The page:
Art Supplies – What do you need?

Someone who seems to be on my site regularly (thanks Ray) brought up a good point on my post about 10 Thoughts all Artists Experience, and that point was the burning desire to purchase the next shiny toy. I think this thought probably applies to most artists, from painters to writers to traditional graphite artists. My belief is that the thought of buying something new is motivating, and can make an fledgling artist feel hopeful that the new toy will drastically improve the end product.

So. Stop.

Save yourself some money and heartache.

Yes, Prismacolor pencils are going to do better things than Crayola pencils, but the artist needs to have a base to begin with. If the artist can’t draw what he/she wants to produce, new pencils that cost a small fortune aren’t going to fix that problem.

Observe.

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These are my basic tools, and even I have more than might be necessary (look up 5 Pencil Method on YouTube).

My pencils range from 6B to 6H, with an F pencil in there. I have four mechanical pencils of varying sizes/density. I have charcoal (soft and medium), a black pencil, mechanical pencil refills, a sharpener, eraser, kneadable eraser, a chamois cloth, a stick eraser (I also have a mechanical eraser, not pictured), a brush to clean off eraser leftovers, and a circle template that is used entirely for drawing eyes (the only perfect circles in nature), and a little sketchbook. Yes, most of it is all bundled up in a cloth pencil case, so you can count that, too, if you wish.

Let’s be honest here. In pencils, I probably only use 2B, 4B, and 6B for the soft graphite, and 4H and 6H for the hard graphite. It’s very rare that I use the other shades. I often use black to keep the shininess off darker areas of my drawings (such as the pupil).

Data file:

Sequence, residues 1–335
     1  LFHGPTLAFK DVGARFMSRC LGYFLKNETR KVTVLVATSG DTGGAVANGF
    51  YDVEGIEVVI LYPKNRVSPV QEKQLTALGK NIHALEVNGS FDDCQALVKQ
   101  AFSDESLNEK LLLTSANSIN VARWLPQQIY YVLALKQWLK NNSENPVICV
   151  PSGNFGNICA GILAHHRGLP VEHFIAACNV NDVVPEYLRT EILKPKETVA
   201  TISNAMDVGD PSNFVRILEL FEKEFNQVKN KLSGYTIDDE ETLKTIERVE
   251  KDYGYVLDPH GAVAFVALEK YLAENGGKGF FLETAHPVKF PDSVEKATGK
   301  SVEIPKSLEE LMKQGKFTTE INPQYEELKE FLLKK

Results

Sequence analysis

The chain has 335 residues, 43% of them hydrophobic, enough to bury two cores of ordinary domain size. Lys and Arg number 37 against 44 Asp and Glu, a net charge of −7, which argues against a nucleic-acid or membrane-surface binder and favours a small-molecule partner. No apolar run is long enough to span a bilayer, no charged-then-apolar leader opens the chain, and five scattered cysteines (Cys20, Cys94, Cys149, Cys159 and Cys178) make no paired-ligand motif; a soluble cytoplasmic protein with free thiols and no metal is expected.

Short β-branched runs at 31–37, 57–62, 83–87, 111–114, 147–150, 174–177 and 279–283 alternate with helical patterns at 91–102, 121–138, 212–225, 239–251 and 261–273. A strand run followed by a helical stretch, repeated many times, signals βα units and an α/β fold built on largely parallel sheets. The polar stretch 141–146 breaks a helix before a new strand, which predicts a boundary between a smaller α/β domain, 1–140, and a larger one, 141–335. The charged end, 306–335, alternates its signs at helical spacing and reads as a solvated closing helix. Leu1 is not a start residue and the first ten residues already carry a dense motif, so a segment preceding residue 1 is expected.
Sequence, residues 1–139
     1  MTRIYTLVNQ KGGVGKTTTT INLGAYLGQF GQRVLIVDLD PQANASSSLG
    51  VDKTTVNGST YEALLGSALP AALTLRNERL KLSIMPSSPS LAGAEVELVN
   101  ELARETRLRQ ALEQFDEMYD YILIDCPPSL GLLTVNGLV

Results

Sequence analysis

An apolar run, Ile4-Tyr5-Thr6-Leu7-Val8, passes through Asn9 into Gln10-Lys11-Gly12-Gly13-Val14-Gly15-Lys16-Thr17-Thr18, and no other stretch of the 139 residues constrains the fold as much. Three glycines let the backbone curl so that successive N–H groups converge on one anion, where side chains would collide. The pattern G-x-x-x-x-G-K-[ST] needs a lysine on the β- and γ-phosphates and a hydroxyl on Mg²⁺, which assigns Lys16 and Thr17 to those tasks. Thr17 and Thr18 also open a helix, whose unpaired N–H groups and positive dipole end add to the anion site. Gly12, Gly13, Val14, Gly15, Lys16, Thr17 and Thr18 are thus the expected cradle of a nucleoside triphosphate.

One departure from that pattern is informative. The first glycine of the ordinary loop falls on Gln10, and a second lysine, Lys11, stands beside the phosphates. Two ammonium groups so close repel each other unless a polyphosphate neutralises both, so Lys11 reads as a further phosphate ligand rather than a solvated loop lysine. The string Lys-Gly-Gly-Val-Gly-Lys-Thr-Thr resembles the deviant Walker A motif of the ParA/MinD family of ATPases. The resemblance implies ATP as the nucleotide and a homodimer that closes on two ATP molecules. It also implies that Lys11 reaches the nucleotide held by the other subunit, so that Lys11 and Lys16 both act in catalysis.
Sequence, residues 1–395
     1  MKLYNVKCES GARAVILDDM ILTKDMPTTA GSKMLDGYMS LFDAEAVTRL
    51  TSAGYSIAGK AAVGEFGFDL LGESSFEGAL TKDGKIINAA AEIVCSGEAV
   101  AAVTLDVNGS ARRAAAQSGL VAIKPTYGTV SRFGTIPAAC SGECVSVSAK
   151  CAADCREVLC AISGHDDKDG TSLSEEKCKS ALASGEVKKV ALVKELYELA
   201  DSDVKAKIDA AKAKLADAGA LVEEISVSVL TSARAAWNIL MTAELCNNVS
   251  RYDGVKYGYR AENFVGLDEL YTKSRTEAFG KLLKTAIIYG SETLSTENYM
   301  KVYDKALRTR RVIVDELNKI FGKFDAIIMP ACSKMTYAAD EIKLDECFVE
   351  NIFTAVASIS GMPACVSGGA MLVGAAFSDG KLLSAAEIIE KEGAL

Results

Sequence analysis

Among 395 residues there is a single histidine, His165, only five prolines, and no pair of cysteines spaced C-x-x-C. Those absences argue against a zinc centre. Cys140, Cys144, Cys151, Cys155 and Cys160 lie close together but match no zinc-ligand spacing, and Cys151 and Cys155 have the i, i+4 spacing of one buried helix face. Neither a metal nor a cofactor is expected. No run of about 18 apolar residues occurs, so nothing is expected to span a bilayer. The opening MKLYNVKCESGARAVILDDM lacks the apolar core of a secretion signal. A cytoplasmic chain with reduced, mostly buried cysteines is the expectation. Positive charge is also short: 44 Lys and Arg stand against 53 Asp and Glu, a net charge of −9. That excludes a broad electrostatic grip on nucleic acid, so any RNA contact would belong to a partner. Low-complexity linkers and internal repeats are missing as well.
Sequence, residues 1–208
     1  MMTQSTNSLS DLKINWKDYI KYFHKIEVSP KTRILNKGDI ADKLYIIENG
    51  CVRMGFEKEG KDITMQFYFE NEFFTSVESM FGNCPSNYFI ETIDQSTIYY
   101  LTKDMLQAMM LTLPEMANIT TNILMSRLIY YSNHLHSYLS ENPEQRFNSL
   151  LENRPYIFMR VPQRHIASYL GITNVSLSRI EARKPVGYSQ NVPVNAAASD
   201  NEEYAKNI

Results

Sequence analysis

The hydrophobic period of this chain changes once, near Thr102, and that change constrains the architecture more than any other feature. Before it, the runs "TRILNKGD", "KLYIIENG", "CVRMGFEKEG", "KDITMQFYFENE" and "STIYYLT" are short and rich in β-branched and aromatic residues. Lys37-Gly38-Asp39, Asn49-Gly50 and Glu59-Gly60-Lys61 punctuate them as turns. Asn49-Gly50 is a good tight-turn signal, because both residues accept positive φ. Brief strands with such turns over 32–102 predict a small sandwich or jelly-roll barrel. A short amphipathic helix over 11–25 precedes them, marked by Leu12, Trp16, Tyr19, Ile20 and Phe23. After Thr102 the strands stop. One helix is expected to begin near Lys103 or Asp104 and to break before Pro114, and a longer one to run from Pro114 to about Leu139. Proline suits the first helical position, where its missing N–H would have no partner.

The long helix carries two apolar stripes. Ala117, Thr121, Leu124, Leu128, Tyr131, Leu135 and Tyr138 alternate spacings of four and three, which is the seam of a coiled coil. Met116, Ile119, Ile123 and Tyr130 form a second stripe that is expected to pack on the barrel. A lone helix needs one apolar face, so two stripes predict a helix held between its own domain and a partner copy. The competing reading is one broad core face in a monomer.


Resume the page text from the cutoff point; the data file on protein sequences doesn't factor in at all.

In order to draw, you need something that leaves a mark (a pencil, for example) and a surface to draw on. That’s it. The rest of the tools will fall in place once the basics are mastered.

The only thing that will make an artist great is practice.

‘Drawing’ White Fur

Ever look at a drawing and think to yourself, “Wow, how did he/she draw that white fur? It looks so soft!”

It’s all an optical illusion. I’ve posted before about how the eye fills in the blanks, and that’s all white fur it. There will be a few lines here and there, but for the most part, it’s blank (or negative) space.

Here are some tips:
1) Hair casts shadows. Shading in small areas of shadow make the white parts look more real and 3D.

2) Less is more! Don’t shade in too much, or you’ll ruin the effect.

3) Draw lightly and use an electric eraser to draw out white lines for whiskers, ear hair, etc.

'Map' - graphite, white ink
‘Map’ – graphite, white ink

In the drawing above, the cat’s whiskers are simply erased area that are outlined with graphite. The ear hair is the same. The forward paw only has shading to separate the toes.

Give it a try!